Our economy ebbs and flows. There are years, and sometimes decades, when everything comes up roses. Then are other years when there are more weeds than anything else.
As a single mom, your finances are just a bit more important than if there are two people supporting your family, two people who can get jobs and two people who can rely on each other.
Every time you do anything, there are consequences. If you forgo exercising you’re making a dent in your health. If you don’t clean up after the kids, you’ll lose toys and clothes. If you use your credit card, you may end up in more debt than you can swim out of in years.
When my ex and I split up it was mid-2007. My business was flourishing and I was focused. And then, the economy crashed and so did I.
Within 5 years I had more debt – mostly credit card – than I had ever had, ever hoped to have and thought I could dig myself out of anytime in the near future.
Money was going out on necessities – like food, mortgage and utilities – but not enough was coming in. I’ve always been frugal, but in these very lean years I learned a new definition of frugal.
And I learned how credit cards could both positively and negatively impact my credit score.
Your credit score is VERY important to your future, your buying power and your financial stability.
Each time you apply for a loan to purchase a car, put down a security deposit on an apartment, get a new credit card – your interest rates are determined by your credit score.
You credit score is supposed to demonstrate your credit worthiness to your lender. In other words, how likely are you to repay the loan on time?
Insurance companies use your score to factor you premiums. Cell phone companies and utility companies may use the score to determine if you need to put down a security deposit, or how much interest is charged on any overdue money.
Your credit score is used for just about everything involving money in your life.
Your score doesn’t have to be a mystery.
Several factors impact your score – from your utilities and lenders payment history (such as credit cards, apartments, mortgages and cell phone companies) to the difference between your assets and debts.
The last one is how you can either positively or negatively impact your credit score with your credit cards.
Let’s start with the negatives and end on a positive note.
How Your Credit Score Causes Problems
The first reason is logical – late payments. Falling behind on your credit card payments is a sure fire way to drop your credit score like a lead balloon, especially if you do it consistently.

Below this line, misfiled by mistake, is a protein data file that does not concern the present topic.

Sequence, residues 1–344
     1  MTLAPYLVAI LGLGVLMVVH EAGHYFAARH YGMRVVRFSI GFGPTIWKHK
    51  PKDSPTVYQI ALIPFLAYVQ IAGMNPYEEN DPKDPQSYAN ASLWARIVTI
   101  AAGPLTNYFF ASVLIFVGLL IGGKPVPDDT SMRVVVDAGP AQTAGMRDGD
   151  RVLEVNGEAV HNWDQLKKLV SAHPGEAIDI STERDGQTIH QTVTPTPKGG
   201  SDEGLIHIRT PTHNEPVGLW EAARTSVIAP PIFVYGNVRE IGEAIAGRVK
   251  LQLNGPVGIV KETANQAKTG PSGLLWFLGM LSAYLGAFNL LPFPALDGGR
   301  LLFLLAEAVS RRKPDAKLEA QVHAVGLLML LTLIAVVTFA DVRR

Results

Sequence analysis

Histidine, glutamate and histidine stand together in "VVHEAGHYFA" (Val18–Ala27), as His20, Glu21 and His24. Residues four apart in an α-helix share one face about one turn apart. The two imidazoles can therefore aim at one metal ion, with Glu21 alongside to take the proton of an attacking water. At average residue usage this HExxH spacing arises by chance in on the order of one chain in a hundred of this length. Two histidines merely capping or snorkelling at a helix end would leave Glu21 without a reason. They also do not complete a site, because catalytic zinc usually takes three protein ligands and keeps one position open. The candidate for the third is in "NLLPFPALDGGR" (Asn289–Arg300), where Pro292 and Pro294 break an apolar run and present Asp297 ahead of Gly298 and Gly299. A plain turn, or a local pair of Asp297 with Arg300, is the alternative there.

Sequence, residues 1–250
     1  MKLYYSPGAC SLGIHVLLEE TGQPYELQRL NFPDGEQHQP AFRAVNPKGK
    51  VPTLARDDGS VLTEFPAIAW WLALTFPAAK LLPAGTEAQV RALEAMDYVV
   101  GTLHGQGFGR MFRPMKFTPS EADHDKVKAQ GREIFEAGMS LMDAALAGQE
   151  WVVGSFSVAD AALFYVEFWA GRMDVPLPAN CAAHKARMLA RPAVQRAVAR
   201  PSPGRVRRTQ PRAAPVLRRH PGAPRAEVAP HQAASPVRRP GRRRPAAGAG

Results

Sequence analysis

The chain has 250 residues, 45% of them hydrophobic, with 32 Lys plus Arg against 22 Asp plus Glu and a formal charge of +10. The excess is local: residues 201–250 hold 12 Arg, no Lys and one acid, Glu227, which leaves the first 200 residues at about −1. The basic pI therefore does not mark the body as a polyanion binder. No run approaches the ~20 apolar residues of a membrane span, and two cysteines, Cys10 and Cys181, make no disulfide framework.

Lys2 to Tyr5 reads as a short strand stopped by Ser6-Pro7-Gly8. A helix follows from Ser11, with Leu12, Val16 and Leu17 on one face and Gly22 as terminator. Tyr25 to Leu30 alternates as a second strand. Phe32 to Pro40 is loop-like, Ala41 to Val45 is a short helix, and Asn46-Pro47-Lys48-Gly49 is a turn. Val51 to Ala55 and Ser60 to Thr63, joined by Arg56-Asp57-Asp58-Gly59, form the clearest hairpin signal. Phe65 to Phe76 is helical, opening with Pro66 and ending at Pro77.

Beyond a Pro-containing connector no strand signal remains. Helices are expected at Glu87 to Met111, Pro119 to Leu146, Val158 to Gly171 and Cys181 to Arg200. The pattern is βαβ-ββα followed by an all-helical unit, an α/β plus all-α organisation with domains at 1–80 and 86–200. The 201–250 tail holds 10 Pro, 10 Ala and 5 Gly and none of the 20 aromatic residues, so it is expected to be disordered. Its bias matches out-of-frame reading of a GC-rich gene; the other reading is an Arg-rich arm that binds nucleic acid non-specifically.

What you might not know is many credit card companies may charge you a fee for being a couple of days late, but they don’t report your late payment until you’re 30 days overdue. Check with your card company to be sure.
Maxing out your credit can put a real dent in your credit score and for reasons you may not have considered. Your score is determined based on the amount of credit you have available compared to the amount of credit you’re using, or credit utilization ratio. By maxing out a card you reduce the amount of credit available to almost nothing.
Closing your credit card. This is another way you reduce the amount of available credit you have in your name. If your card has a large limit it can make a HUGE dent in your credit score. Maxing out credit usually happens slowly so your score adjusts, albeit in a negative direction. But, closing your large limit card suddenly drops the available credit.
Credit inquiries are another way you get a ding to your score. Anytime you apply for a new credit card or loan the bank reviews your credit. This can cause your score to drop a little. However, if your score is low, a little drop can mean a lot.
Credit Cards May Improve Your Score
History. When my oldest son was applying for his first car loan they gave him a higher interest rate because he didn’t have a history of making payments on time. They advised him to get a credit card, charge something small every month and pay it off. After 12 months of a good payment history they reduced the interest rate on the loan.
Different types of credit. Your score is also based on the variety of credit you hold. If all your accounts are from lenders – like your house, car or boat – it can ding your credit score. Sprinkle in a few credit cards you routinely pay off.
Credit utilization ratio. Like I mentioned above, your score is highly influenced by the ratio between the credit you have (the amount of unused credit you have on your cards) against the debt you carry. When that debt to credit ratio is too high your score does a nose dive.
Three ways of using your credit utilization ratio to improve your score:
- Call your card company and ask them to increase your limit. This gives you more unused credit – and it’s important you don’t use it!
- Pay off your credit cards as quickly as possible.
- Open a new credit card, put a small amount on it every month and pay it off every month. You’ll take an initial ding when they check your score, but that is quickly made up by a better credit to debt ratio (credit utilization ratio).
Don’t follow the same path I took. Instead, follow what I learned. Paying down debt takes years. Think of it this way – by the time you’ve paid for what you’ve charged you won’t be using it anymore.